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Frequently Asked Garnishment Questions:

Are your garnishments really free?

In successful cases, the debtor pays us to collect.  Let us explain.  We charge low set-fees for our services and never take a contingency or percentage.  If we are successful in recovering funds, Washington law allows us to add our charges to the debt.  You must pay us upfront, but this means that, in effect, the debtor pays you to be garnished.

What do I need to get started?

You must have a valid judgment against the debtor, a last known address, and know what bank or employer you wish to garnish.  If LT Services evicted your tenant, we may have this information already.  If not, fill out our Garnishment Intake Sheet and send the appropriate attachments.  For best results, we recommend including a social security number, birth date, and bank account number.

How long does a garnishment take?
Each case is different, but a bank garnishment generally takes about two months and a wage garnishment about three.

What amounts can I collect?

The law allows a debtor to claim certain exemptions from garnishment.  A debtor may exempt up to $2,00.00 from a bank account.  A debtor's wages are exempt up to the greater of $569.80 per week or 85% of after-tax income.  In addition, items like social security and certain retirement accounts are 100% exempt from collection.

When do I learn whether we will receive any money?
The process begins by serving your debtor and the debtor's bank or employer with the writ of garnishment.  The debtor has a statutory time limit to object to the garnishment or claim any exemptions.  After we send the paperwork, it generally takes 5-6 weeks before we learn whether you are likely to receive any money.  This may be longer with wage garnishments.

How long does a wage garnishment last?
In Washington, a wage garnishment lasts for 60 days.  After that period, if the debtor still owes you money, we must start the garnishment process again.


Do I have to pay for multiple wage garnishments?
Yes.  If your debt is not paid in full by one garnishment, we can repeat the process until you are paid or the debtor's employment changes.  Our process is the same each time, so we must charge you again.  However, the garnishment costs are added to the debt, so we will attempt to collect these repeat charges as part of the process.

When do I get paid?
It takes about three months to receive funds after a bank garnishment about about four months after a wage garnishment.  To protect both parties, there are several statutory waiting periods in a garnishment.  After an employer or bank answers that they are holding funds for you, we must wait for several other deadlines to pass.  Once we receive an order to pay, we will notify the employer or bank.  The money is then mailed to the court, who mails it to us, and finally we mail it to you.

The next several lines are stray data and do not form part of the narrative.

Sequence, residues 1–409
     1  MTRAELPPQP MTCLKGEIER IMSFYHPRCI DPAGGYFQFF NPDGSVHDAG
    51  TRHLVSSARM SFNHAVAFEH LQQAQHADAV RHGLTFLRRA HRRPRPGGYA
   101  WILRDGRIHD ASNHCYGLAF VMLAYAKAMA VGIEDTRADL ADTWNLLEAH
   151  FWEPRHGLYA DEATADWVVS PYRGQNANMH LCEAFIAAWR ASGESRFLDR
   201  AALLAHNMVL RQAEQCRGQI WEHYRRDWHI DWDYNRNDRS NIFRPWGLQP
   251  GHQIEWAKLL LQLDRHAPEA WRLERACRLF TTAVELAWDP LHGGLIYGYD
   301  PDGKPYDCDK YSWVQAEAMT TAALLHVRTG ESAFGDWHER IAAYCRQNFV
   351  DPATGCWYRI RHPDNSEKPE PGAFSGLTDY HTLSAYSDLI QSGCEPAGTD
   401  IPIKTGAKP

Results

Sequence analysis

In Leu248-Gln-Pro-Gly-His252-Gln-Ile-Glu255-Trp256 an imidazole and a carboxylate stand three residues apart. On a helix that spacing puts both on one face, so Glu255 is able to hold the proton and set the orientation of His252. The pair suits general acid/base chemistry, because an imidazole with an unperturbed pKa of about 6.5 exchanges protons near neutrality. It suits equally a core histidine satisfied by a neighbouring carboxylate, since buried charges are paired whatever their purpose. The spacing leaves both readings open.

What happens if the debtor quits or his account is closed?
In those circumstances, as well as several others, you will not receive any funds.  This means that you must bear the cost of garnishment yourself (i.e. you cannot charge it to the debtor) and this garnishment will end.  If you know of another bank or employer you would like us to try, we can start the process again.  If you do not, but do know the debtor's social security number, we can perform a Washington employment search to attempt to identify the debtor's current employer.

Dollar Bill in Jar

Do you have more questions?

Are you ready to order services?

Please note, collections always involve risk.  Your debtor may so few funds that they are not collectible, may have only exempt funds or income, may be garnished by someone else, may file bankruptcy, may change jobs or banks, or some other reason may prevent recovery.  We encourage you to consider this uncertainty when making a decision how to collect and whether to retain our services.

*All information displayed on the LT Services website is informational and shall not be deemed as legal advice.  If you would like legal representation or advice, please contact us through e-mail or by phone.  Until an attorney-client relationship has been established, no information you provide is privileged or confidential.

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